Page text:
Gazan cancer patient allowed into Israel

Physicians for Human Rights: Restrictions lifted following pressure for local and international media.

By DAN IZENBERG
October 22, 2007 03:28
2 minute read.
erez crossing 298 ap

erez crossing 224.88. (photo credit: AP [file])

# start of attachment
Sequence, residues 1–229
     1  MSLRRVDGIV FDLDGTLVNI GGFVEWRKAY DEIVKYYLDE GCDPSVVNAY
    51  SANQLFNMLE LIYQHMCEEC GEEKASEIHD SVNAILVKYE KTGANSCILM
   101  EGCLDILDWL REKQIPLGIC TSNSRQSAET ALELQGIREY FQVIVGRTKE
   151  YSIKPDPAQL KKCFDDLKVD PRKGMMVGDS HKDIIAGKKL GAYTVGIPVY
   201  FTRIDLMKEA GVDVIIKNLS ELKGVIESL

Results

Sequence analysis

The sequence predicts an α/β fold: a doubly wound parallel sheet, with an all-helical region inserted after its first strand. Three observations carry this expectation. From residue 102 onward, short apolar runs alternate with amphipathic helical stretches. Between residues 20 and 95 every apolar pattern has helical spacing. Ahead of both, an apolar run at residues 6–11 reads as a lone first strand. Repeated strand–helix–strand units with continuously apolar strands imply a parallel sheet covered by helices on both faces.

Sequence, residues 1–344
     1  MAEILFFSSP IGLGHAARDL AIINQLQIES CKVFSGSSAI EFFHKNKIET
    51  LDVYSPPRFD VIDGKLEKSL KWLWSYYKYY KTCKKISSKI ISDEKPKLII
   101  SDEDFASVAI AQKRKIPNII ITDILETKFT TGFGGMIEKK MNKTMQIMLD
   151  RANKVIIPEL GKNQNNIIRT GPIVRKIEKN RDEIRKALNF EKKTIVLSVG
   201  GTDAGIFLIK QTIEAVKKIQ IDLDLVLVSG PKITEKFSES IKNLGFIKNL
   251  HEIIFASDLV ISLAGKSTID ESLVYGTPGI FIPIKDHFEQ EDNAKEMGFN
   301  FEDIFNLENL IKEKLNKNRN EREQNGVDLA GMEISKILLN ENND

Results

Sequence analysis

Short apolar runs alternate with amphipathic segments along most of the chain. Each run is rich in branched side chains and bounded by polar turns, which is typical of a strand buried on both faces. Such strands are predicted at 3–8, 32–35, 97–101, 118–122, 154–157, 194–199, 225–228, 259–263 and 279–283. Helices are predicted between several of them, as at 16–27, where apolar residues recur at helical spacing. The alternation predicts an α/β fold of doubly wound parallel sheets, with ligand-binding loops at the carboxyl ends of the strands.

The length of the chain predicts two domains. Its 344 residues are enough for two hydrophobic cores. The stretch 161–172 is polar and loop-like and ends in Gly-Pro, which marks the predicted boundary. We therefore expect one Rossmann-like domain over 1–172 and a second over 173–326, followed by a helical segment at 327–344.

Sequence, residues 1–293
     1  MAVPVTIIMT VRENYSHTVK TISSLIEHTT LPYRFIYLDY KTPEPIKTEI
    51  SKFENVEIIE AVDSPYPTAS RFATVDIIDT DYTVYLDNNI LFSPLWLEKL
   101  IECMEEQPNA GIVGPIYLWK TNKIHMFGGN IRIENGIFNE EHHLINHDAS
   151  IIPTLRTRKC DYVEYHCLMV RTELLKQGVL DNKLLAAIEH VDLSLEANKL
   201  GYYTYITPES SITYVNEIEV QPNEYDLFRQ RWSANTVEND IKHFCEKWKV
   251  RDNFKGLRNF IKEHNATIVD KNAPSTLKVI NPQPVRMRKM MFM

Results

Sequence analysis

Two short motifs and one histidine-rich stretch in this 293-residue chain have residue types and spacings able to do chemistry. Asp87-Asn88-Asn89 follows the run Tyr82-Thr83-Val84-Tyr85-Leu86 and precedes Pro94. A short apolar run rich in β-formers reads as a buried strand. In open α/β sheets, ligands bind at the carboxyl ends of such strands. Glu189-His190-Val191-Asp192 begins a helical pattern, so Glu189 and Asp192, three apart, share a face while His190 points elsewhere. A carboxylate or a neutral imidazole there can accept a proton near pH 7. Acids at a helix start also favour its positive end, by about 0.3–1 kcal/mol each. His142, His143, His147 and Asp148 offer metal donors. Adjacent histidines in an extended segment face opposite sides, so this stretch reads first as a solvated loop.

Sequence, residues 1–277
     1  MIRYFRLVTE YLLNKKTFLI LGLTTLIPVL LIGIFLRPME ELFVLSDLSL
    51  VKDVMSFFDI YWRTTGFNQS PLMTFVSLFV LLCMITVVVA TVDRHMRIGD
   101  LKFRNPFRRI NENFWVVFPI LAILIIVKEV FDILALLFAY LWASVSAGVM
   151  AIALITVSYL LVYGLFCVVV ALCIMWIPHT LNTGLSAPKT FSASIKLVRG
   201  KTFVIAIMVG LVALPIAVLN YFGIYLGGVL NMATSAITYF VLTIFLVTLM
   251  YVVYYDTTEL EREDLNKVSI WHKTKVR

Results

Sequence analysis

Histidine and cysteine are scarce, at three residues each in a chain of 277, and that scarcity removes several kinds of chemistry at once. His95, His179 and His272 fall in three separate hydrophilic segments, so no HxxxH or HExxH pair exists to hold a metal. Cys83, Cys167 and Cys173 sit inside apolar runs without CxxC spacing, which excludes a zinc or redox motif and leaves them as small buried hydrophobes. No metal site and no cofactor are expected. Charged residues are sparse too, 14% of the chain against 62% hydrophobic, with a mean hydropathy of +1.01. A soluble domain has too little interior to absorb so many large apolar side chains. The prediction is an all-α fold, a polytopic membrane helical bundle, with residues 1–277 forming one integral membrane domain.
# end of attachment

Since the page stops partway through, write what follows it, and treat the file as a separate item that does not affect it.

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Physicians for Human Rights - Israel (PHR) announced on Sunday that the army has allowed six patients suffering from cancer and other serious illnesses to enter Israel as a result of pressure exerted by the organization and human rights groups abroad. On October 12, The Jerusalem Post reported that the six had been barred from entering Israel for "security reasons." They included a 16-year-old girl and two women in their early twenties. One of the women, Inas al-Najar, a mother of two suffering from recurring bone cancer, said she had been turned away from the Erez border crossing after refusing demands by an Israel Security Authority (ISA) official to serve as an informant. PHR spokeswoman Miri Weingarten said the restrictions on the six patients had been lifted following "concerted pressure and extensive exposure in local and international media." On Saturday, the US-based Human Rights Watch organization issued a three-page report charging that Israel was "blocking, delaying and harassing people with emergency medical problems who need to leave the Gaza Strip for urgent care." Meanwhile, PHR charged that despite claims by Israeli authorities that the current restrictions on passage via the Gaza border crossings were not connected to the government's recent declaration of Gaza as a hostile territory, "realities on the ground suggest otherwise." "Since mid-September," PHR charged, "a further worsening in Israeli policies at the Erez checkpoint has been noted, in addition to the overall deterioration in policies recorded since June 2007 [when Hamas routed Fatah and took full control of the Gaza Strip.]" PHR wrote that the number of rejections on security grounds by Israeli authorities of requests for permits to enter Israel for medical treatment has risen since July. Between July and September, PHR received 138 appeals for help by Palestinians whose requests had been rejected, compared with 66 between March and May. Of the 138 cases, the army changed its mind regarding 52 after PHR intervention, while five patients died awaiting permits or after long delays. PHR also charged that matters took a turn for the worse after the army refused passage to the six patients mentioned above, all suffering life-threatening illnesses, who were refused entry in early October. Although the six were eventually given permits, two others, one suffering from cancer and the other from severe complications from a gunshot wound to the kidneys, were still waiting for a response to their request, while a 17-year-old girl suffering from uterine cancer had been granted entry but was still waiting for the permit. In seeking a response from Israeli authorities regarding the PHR allegations, The Jerusalem Post turned to the IDF Spokesman's Office. An official there referred this reporter to the spokesman for the Coordinator of Activities in Judea and Samaria. He in turn suggested speaking to the spokesman for IDF Southern Command, who referred the reporter back to the IDF Spokesman's Office.

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